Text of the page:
Obama's Lead Grows to 2-Points over,
Romney in 3-way race,
Obama 43% - Romney 41% -
Libertarian candidate Gary Johnson - 4%

John Zogby - Neither candidate is in a good position. There are a lot of undecided voters. The President is not where he needs to be among Hispanics, young voters, and the creative class*. On the other hand Romney's lead among Evangelicals is anemic, as is his lead among NASCAR fans and weekly Wal-Mart shoppers. The deal is far from closed. The candidates are also pretty much tied in the swing states.

If the election for president were held today, for whom would you vote?
Democrat Barack Obama - 43.8%
Republican Mitt Romney - 43.5%
Not Sure - 12.75%

If the election for president were held today, for whom would you vote?
Democrat Barack Obama - 42.7%
Republican Mitt Romney - 41.0%
Libertarian Gary Johnson - 4.3%
Not Sure - 12.0%

Full xTabs available here.

* Richard Florida who has written extensively about and defined the "creative class" worldwide. In the United States alone, this group accounts for 40 million adults who, in his widely-accepted model, are those who are employed in the fields of science and engineering; architecture and design; healthcare and education, business and management; arts, media and entertainment. They are a large group, a vital group in the development of any community or region, and provide both the critical mass, ideas, and energy to grow our metropolitan regions.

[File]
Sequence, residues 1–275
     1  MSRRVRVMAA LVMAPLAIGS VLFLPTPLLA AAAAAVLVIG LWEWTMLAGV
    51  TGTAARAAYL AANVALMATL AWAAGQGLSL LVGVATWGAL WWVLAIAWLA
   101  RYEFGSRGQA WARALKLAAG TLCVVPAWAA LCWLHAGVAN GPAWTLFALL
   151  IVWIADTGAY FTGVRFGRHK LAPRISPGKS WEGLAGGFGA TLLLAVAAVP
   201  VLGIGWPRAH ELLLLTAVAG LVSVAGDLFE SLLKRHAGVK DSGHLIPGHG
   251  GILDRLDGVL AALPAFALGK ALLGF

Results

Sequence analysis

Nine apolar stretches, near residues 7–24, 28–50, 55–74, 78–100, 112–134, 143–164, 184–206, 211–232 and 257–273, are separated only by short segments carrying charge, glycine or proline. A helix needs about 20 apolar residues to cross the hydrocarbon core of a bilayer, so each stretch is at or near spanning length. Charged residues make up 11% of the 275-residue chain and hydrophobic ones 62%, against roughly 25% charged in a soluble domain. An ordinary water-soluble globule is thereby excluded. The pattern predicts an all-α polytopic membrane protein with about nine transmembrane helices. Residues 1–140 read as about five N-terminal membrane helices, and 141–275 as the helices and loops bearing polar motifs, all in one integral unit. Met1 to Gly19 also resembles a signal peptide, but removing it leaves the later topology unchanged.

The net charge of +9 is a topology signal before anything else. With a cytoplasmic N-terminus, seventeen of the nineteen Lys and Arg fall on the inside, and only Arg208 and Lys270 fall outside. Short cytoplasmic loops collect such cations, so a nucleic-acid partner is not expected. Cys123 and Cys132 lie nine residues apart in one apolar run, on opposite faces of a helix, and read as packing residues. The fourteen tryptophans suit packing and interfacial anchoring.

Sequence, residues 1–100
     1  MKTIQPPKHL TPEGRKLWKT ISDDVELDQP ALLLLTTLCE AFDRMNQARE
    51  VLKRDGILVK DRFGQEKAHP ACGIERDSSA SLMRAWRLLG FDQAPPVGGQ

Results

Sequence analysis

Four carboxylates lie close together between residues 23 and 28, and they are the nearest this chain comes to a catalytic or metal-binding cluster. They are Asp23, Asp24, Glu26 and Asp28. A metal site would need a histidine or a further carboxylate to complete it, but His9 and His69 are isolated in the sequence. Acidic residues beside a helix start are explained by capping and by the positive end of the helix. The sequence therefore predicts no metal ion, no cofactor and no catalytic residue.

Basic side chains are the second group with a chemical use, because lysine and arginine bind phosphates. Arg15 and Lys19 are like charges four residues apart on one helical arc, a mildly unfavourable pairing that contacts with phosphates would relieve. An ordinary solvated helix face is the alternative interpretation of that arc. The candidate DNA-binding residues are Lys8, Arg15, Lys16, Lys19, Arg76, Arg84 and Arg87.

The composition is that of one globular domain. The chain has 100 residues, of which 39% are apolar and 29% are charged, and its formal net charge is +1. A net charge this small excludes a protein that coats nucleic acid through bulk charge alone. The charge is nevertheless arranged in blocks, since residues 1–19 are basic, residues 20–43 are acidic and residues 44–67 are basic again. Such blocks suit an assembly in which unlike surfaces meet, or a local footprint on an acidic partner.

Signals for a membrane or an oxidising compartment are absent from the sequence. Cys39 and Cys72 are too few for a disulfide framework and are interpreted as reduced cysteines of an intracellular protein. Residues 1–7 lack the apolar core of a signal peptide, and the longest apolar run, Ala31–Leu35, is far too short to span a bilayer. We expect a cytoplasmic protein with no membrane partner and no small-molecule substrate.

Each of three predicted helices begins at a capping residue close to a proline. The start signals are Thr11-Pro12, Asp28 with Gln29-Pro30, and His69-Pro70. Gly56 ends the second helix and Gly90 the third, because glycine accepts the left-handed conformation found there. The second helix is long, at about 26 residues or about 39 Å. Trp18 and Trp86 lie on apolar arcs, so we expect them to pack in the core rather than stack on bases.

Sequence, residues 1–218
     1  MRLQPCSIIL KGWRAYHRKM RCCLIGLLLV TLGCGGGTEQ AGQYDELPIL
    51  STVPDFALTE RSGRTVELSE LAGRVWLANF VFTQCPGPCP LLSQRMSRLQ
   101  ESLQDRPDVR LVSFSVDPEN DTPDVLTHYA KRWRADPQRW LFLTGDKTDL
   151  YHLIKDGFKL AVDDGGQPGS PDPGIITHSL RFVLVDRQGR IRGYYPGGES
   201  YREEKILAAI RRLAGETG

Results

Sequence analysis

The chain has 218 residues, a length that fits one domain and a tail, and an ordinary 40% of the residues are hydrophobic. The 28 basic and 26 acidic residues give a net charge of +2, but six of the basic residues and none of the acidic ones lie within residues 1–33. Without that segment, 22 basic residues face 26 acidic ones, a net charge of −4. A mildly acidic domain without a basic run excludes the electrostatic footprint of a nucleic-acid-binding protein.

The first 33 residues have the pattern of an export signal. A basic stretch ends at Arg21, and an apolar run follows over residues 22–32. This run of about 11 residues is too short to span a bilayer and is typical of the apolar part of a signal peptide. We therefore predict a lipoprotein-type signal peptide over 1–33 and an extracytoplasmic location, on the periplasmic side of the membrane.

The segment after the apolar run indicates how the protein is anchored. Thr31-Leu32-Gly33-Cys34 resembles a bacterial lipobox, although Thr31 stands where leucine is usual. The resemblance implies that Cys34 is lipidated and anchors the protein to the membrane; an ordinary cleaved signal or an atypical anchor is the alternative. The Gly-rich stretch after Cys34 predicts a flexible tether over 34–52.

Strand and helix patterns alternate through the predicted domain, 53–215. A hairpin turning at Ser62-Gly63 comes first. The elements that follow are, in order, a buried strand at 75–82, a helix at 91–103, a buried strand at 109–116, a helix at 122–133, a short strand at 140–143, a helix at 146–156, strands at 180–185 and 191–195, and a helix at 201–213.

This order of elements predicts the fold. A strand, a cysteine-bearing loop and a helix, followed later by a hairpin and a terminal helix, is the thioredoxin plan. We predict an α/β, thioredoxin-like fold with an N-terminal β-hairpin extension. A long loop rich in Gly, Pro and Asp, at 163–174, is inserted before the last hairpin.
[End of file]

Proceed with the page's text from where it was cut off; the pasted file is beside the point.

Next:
JZ Analytics Methodology
Likely US Voters Poll
08/31/2012 thru 09/03/2012

JZ Analytics conducted an online poll of 798 US Likely Voters nationwide.

Using trusted interactive partner resources, thousands of adults were invited to participate in this interactive poll. Each invitation is password coded and secure so that one respondent can only access the survey one time.

Using information based on census data, CIA fact books and exit polls, we use complex weighting techniques to best represent the demographics of the population being surveyed. Weighted variables may include age, race, gender, region, party, education, and religion.

Based on a confidence interval of 95%, the margin of error for 798 is +/- 3.5 percentage points. This means that all other things being equal, the identical survey repeated will have results within the margin of error 95 times out of 100.

Subsets of the data have a larger margin of error than the whole data set. As a rule we do not rely on the validity of very small subsets of the data especially sets smaller than 50-75 respondents. At that subset we can make estimations based on the data, but in these cases the data is more qualitative than quantitative.

Additional factors can create error, such as question topics and phrasing.